…On being prepared

Nowhere to hide (1 of 1)

Hot. Very hot. Hotter than I’m used to. I’m a North European – no question. When it gets over 25c I need to lie down. Recover. Hide. Not climb hills in the midday sun like I’m chased by the press gang (though I am “a man of seafaring habits aged between 18 and 45”).  

Saturday morning I rode with an outrageous headache. It was not self inflicted (the previous night spent at an Alabama 3 gig sipping soft drinks). It was purely the work of the sun. I carried lots of water, covered up in sunscreen and wore the least amount of layers you can get away with. If I could, I’d have stripped back further. But this is South Wales, not the Burning man festival (though try telling that to Ra). After about 10 minutes of riding, the headache came out to play. Its  the tell tale sign of dehydration, plaguing me from beginning to end. Of course I could have been more sensible and gone out at 7.30 or 19.00. but being stubborn, I didn’t. So every hill felt like riding theVentoux with Chris Froome after a night on the town with Oliver Reed.  I often lament the amount of time I spent in Scouts; a meagre 6 sessions. They might have started all the ‘be prepared’ stuff on the seventh.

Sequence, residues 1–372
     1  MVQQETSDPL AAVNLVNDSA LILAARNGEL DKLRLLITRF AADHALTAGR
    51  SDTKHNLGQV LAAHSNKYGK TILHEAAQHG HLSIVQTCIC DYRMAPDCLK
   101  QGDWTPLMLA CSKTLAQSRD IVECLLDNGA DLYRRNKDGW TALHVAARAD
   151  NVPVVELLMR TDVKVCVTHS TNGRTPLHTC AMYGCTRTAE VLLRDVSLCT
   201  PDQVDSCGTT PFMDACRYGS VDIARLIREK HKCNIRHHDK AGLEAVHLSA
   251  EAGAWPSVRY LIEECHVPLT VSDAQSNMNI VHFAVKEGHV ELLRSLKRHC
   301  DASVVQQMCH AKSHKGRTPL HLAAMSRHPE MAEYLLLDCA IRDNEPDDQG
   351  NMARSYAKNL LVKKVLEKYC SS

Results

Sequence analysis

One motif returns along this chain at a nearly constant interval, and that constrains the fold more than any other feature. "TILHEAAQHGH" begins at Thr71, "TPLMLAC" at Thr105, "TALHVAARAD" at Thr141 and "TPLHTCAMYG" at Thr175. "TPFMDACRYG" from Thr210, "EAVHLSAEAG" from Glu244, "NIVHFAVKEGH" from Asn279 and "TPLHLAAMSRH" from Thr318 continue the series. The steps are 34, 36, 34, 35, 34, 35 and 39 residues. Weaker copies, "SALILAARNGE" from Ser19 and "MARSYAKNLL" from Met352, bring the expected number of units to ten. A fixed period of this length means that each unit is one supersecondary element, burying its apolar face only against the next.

The burning man festival

The burning man festival

So….. I have a confession to make – I have a preference for the autumn sun, the cool, crisp air and its more forgiving attitude to prep. Its in my genes (a Welsh/Cornish/English/Belgian mix apparently). It probably explains my love of cyclo-cross, the start of the rugby season and Neil Young’s ‘Harvest’ album.  Falling leaves and mud are a better fit than flowering fields and dust. It’s not a complaint though. Just an observation. Even dehydration and headaches beat saturated clothes and trenchfoot. 

Enjoy the sun, but be prepared. Burning man  image courtesy of  Next City

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